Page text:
I was lucky to spend a weekend in Seattle recently, and it was my first time to really experience the city. I found it to be a really lively, quirky, and eclectic place. It seemed to have so much condensed in so much less space than I'm used to, which was cool.
I liked the huge variety of restaurants (I heard they even had several chocolate and bakery tasting tours in the city). I loved the arrays of quirky shops one after another (like Bella Umbrella [an umbrella store], a hat store, an Afghani clothing store, a lavender store, a magic shop, a dog shop, a Mexican folk arts store [all around the same block]). I thought the fish throwers in Pike Place were cool, and I liked the first Starbucks with the original, more risqué, logo. It was sad how the first Starbucks was so packed with tourists that it didn't even have tables to enjoy your coffee there.
Tea tasting at a Chinese tea shop was fun. The actual tea was pretty inexpensive.
I saw several "teriyaki + nails" places: Japanese food on the first floor and nail salon on the second floor (but sharing the same banner space in the window making it look like it was teriyaki nails).
Aqua Restaurant and Steelhead Diner: mmm good.
Post alley: Got to add some gum to the famous (and slightly disgusting) gumwall and caught a really funny improv comedy show by Unexpected Productions.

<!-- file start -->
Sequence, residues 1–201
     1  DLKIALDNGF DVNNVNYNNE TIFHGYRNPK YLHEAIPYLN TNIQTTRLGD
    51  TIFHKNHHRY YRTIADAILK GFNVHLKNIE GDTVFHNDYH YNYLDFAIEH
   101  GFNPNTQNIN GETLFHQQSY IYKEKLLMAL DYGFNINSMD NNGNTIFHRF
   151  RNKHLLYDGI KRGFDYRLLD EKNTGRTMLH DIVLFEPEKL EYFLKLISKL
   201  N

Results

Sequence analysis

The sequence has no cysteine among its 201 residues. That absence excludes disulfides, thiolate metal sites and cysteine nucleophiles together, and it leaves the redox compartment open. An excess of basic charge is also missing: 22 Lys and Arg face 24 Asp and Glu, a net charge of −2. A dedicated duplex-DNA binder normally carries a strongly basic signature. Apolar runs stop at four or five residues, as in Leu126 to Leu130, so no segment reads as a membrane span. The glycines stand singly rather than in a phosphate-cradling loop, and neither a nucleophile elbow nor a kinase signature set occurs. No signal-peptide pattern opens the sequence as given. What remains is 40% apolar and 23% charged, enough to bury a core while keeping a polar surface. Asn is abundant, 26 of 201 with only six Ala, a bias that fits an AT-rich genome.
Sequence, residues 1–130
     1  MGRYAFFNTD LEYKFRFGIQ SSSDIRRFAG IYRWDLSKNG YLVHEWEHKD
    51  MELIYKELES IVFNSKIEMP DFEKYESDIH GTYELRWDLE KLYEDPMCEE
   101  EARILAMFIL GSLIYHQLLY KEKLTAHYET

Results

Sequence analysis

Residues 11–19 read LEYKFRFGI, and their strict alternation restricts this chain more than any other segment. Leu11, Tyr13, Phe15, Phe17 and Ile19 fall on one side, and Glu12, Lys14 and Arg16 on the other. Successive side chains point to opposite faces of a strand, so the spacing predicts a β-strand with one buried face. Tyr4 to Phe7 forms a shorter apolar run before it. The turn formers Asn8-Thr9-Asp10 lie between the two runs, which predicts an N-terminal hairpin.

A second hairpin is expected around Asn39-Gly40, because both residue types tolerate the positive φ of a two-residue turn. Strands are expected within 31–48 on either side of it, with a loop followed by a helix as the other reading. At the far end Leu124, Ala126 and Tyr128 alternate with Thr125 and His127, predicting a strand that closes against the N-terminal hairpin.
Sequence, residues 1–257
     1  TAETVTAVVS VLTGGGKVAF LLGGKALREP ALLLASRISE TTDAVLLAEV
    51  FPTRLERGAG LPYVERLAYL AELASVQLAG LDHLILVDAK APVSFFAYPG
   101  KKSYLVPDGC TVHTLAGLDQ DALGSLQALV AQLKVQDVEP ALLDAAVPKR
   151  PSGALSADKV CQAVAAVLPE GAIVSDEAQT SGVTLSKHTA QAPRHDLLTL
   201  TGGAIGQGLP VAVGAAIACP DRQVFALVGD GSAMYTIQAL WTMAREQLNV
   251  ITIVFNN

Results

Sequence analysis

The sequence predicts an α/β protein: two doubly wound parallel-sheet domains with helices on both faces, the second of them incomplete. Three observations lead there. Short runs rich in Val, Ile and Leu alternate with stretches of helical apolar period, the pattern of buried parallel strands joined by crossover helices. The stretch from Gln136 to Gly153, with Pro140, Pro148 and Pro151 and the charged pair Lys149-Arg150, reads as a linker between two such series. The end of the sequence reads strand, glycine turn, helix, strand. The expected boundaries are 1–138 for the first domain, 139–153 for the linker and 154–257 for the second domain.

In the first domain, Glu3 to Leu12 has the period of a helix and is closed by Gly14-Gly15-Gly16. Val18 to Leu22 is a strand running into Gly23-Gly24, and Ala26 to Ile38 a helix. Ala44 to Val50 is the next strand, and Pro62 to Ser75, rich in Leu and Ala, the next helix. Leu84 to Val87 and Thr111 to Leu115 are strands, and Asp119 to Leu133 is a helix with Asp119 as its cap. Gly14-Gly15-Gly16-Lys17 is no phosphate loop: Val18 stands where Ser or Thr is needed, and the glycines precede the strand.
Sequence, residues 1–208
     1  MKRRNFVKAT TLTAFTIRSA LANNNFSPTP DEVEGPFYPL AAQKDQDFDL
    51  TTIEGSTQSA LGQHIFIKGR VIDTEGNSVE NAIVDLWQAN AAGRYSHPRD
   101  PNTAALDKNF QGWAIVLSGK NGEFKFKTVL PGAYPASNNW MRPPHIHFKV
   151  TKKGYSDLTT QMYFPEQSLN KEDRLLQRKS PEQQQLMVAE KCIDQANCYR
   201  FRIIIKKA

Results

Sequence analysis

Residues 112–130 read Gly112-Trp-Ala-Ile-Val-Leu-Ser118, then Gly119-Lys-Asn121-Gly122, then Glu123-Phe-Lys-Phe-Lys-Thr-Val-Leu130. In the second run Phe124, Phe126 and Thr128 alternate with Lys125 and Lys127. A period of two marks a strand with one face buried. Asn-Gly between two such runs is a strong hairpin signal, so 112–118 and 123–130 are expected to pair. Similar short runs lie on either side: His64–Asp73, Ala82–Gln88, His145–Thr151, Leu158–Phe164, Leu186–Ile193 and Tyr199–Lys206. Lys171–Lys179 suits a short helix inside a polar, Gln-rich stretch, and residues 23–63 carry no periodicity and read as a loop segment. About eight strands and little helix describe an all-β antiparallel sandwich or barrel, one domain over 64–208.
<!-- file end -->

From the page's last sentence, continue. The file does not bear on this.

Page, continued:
Space Needle and monorail were cool.
Grayline Bus Tour and Underground Tour (showing the city fire and reconstruction) were cool.
Fran's Chocolates: Loved the chocolate portrait that was 5' x 7' made of chocolate. Had the best hot chocolate I've ever had in the U.S. at this place. Salted caramels were great too.
Lots of dogs everywhere! I heard about some area within Seattle that has a 2:1 dog:kid ratio.
Chihuly garden and glass exhibit: Really cool museum.
In the spirit of catching up on overdue blog posts, I wanted to share some of my impressions from my trip to Hong Kong. I was able to take some classes from Chinese University of Hong Kong professors, and I found it fascinating how the "One Country, Two Systems" approach is working and enjoyed learning about all the various accounting problems with Chinese publicly-listed firms and meet with some local companies over there. It was my first time in Asia, and I loved the old temples and eastern architecture. The food was, to put it mildly, a bit too exotic for my taste (details below), but besides that, I had a great time. Definitely can't wait to go back and see other countries in Asia sometime in the future.Arrival impressions
Day 1 impressions
- Huge distances in airport and driving